She claims the manifesto to be a plan for "a stronger, fairer, more prosperous Britain", writes Catherine Feore.
All sides have recognised in the House of Commons that social care needs more money, particularly given the country's ageing population.
Mrs May described the plan as "declaration of intent" to tackle the "great challenges of our time".
It reaffirms the prime minister's earlier commitment to leave the European single market and customs union when Britain leaves the European Union.
She also set out on Thursday plans to give workers a voice on company boards, either through a nominated director from the workforce, the creation of an employee advisory council or a designated non-executive director.
She promised that her government would be "relentless in tackling burning injustices" and would govern for "mainstream Britain".
"We do not seek to be half-in, half-out", she said, referring to a "clear choice" made in last year's referendum in favour of Brexit.
She said: "Margaret Thatcher was a Conservative, I am a Conservative, this is a Conservative manifesto", said the Prime Minister.
"So we will work with like-minded countries to change the rules so that they are updated and better reflect the breadth of our assistance around the world".
She warned that making a success of Brexit would not be easy.
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She said she would tighten laws on company takeovers and would ensure any foreign group buying important infrastructure did not undermine security or essential services. "The Conservatives' record is one of broken promises and failure", he said. Net migration (the difference between people coming to the United Kingdom for more than a year and those leaving) was 273,000 in the year to last September.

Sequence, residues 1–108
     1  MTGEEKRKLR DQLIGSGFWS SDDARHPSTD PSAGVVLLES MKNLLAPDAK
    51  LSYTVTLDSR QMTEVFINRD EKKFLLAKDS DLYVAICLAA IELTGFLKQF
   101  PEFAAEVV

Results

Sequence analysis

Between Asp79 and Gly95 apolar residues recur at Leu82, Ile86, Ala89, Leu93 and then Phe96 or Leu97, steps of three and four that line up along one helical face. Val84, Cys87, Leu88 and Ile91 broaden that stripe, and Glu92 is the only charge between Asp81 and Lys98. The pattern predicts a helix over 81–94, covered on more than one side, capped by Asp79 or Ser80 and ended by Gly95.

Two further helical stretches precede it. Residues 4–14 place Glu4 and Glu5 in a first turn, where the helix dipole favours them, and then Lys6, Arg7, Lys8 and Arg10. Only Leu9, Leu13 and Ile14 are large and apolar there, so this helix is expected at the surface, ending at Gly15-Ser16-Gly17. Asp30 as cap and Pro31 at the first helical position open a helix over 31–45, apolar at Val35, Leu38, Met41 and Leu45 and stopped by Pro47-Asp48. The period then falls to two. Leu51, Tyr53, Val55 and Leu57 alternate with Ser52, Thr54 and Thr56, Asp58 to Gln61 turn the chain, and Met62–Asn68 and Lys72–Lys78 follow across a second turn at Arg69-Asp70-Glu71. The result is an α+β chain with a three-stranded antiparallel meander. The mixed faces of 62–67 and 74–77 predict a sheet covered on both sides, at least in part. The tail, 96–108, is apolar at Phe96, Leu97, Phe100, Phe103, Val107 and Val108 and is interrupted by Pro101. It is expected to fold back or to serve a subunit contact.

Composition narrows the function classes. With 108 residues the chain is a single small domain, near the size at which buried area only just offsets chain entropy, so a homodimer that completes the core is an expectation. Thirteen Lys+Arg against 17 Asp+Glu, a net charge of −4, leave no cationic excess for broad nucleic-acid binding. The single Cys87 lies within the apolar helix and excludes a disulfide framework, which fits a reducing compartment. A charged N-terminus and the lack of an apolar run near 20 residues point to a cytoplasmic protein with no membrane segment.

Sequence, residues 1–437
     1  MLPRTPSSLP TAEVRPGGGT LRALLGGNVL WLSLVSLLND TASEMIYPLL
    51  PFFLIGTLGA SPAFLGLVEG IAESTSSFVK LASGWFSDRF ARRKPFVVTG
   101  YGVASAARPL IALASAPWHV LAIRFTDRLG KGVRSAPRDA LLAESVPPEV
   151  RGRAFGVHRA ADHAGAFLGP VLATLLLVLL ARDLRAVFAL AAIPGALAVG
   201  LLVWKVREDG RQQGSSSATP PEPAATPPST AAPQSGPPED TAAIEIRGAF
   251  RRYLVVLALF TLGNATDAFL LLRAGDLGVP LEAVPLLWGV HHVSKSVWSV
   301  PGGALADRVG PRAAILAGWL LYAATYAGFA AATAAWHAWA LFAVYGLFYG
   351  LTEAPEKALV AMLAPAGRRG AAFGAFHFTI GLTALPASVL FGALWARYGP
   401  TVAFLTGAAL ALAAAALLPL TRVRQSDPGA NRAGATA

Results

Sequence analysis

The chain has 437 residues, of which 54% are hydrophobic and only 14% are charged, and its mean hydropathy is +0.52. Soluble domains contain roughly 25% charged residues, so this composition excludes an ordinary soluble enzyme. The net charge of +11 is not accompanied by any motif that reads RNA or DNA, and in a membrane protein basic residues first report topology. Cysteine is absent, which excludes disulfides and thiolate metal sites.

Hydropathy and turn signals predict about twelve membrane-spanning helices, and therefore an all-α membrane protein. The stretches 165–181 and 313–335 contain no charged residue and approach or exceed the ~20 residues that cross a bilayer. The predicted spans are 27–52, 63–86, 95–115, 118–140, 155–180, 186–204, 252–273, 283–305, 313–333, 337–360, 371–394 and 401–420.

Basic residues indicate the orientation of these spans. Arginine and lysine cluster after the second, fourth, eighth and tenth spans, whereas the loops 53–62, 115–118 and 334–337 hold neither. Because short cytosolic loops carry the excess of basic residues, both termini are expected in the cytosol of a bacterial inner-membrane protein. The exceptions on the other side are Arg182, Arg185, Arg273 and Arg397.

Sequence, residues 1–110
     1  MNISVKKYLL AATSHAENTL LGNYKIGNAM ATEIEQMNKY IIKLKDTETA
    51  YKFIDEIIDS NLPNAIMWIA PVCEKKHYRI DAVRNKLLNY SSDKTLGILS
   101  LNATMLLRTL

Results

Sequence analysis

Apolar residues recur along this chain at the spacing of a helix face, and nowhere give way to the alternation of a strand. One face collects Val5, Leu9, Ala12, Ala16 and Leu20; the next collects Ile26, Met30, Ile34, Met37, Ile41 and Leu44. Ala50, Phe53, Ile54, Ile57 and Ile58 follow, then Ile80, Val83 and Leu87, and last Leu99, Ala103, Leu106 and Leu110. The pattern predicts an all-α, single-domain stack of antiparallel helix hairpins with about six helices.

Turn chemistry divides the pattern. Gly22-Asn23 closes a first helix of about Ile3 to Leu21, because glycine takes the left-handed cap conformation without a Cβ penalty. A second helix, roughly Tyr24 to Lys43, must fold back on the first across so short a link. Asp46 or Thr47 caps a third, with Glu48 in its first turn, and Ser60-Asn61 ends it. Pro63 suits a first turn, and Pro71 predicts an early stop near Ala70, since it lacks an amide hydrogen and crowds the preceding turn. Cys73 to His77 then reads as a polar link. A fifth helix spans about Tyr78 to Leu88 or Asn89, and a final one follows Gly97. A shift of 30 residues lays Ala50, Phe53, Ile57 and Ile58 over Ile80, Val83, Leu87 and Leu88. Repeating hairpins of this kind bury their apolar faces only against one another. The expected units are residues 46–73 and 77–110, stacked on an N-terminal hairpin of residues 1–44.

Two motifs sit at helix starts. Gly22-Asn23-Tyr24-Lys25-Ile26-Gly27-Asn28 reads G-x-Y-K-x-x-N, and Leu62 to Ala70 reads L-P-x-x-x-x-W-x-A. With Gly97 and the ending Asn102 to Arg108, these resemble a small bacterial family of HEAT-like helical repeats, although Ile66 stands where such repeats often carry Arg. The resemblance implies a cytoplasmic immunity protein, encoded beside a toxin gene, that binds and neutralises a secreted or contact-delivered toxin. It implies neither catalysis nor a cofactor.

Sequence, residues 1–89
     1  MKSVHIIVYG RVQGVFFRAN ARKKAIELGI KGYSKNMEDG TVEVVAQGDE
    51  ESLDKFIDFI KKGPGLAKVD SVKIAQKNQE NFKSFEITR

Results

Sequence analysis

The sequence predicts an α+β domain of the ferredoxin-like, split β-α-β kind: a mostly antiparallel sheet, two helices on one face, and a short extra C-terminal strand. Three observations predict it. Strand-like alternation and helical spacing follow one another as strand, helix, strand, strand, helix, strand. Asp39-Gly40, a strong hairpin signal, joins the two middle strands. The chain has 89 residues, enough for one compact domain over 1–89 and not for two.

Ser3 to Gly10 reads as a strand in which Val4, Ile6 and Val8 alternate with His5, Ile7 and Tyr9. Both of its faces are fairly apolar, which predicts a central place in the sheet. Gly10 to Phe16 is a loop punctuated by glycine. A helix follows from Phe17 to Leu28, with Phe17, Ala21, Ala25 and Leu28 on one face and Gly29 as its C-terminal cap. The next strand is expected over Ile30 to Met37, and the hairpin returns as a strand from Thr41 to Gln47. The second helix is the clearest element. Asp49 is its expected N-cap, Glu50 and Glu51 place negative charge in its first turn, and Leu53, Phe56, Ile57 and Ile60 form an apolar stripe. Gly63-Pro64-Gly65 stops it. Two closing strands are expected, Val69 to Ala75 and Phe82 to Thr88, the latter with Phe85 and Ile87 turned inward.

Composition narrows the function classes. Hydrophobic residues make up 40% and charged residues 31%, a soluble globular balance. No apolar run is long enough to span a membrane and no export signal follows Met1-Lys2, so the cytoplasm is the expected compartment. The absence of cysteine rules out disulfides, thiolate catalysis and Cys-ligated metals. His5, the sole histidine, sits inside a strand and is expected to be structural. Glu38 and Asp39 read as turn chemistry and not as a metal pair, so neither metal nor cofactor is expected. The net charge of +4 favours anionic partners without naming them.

The manifesto also moots a review of the cost of energy; support for shale gas and more money for communities where fracking goes ahead; bringing fuel poor homes up to band C energy efficiency standards by 2030; and another look at energy efficiency standards for new build properties.
May: "The Conservative party has always been on the centre ground". While Thatcher mistrusted the state, May's election manifesto says that "government can and should be a force for good", and outlines a more interventionist role in business and industrial strategy.
A Labour Party spokeswoman said: "We are grateful to all those who donate to the Labour Party and are supporting our General Election campaign".
She promised that the Conservatives would be "upfront and honest about the scale of the task we face".
She said a strong economy and delivering Brexit are her top priorities.
"There is good solid Conservatism, which puts the interests of the country and the interests of ordinary working people at the heart of everything we do in government", she said at a news conference to launch the Conservatives' policy pledges before a national election she called for June.
"Every vote for me and my team will strengthen my hand in the negotiations to come", May said at the launch in Halifax in northern England, calling it "a manifesto to see us through Brexit and beyond".
"We will focus on creating extra capacity on the railways, which will ease overcrowding, bring new lines and stations, and improve existing routes - including for freight".